Thousands have marched through the Afghan capital, demanding justice for a woman who was beaten to death by a mob a week ago after being falsely accused of burning a Quran.
Men and women of all ages carried banners and some painted their faces red as a symbol of the bloodied face of Farkhunda, the 27-year-old religious scholar killed last week by the mob.
Farkhunda, who went by one name like many Afghans, was beaten, run over with a car and burned before her body was thrown into the Kabul River.
She drew a line with her blood between those who want justice, rule of law, and those who are extreme in their views and who breed in lawlessness
Organisers of Tuesday’s march – the second protest over the brutal slaying in as many days – estimated that up to 3,000 people took part.
Marchers chanted “Justice for Farkhunda!” and “Death to the killers!”
Amrullah Saleh, a political leader and former director of the intelligence service, the National Directorate of Security, said the demonstrators sought to make Farkhanda an icon of the struggle against “injustice, mob court, street violence, violence against women, lawlessness, extremism” and, especially the injustice suffered by women.
“She is an example of probably what has happened silently to many,” Saleh told the Associated Press news agency. “She drew a line with her blood between those who want justice, rule of law, and those who are extreme in their views and who breed in lawlessness.”
Police reportedly stood by without intervening as the attack happened.
The Interior Ministry said 28 people have been arrested and 13 police officers suspended as part of investigations.
The spokesman for the Kabul police, Hashmat Stanikzai, has been sacked over comments he made on social media supporting Farkhunda’s killers.
Dispute with vendors
The attack appeared to have grown out of a dispute between Farkhunda, a veiled woman who had just finished a degree in religious studies and was preparing to take a teaching post, and men who sold amulets at Kabul’s famous Shah-Do Shamshera shrine.
Farkhuda urged women not to waste their money on the amulets, her friends and family have said. Her father, Mohammed Nadir, said the men responded by making false accusations that she had torched a Quran, which set off the brutal assault.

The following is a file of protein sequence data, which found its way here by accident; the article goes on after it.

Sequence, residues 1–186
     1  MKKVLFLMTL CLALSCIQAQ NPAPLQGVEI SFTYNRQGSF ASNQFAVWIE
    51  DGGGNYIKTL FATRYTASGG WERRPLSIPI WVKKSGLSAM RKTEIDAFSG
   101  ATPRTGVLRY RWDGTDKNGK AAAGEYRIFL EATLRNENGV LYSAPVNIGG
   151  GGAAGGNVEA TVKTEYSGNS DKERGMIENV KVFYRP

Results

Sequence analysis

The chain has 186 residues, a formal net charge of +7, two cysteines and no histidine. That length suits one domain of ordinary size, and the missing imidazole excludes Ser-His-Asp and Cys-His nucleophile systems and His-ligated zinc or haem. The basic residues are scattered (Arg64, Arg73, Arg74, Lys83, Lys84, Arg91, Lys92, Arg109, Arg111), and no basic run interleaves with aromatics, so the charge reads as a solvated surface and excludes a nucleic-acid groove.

Among the protesters on Tuesday were prominent rights activists, including Fatana Gailani, the head of the Afghanistan Women’s Council, who said she hoped the incident would be a catalyst for change in a society traumatised by war, corruption and lack of leadership.
“The new generation has known nothing but war, they are not educated,” she said.
The demonstrators also called for action against officials and religious leaders who had initially said that Farkhunda’s killing was justifiable if she had burned pages of a Quran, the Muslim holy book.
President Ashraf Ghani took office in September following a bitter election campaign during which he promised to champion women’s constitutional rights, end corruption and bring peace.
Despite constitutional guarantees of equality and protection from violence, women in Afghanistan are still widely subject to violence, both privately and publicly.
The EU on Tuesday called for the attackers to be brought to justice.
“The killing of Ms Farkhunda… is a tragic reminder of dangers women face from false accusations and the lack of justice in Afghanistan,” a spokeswoman for European Union foreign policy chief Federica Mogherini said in a statement. “We all hope that (those) responsible can be brought to justice.”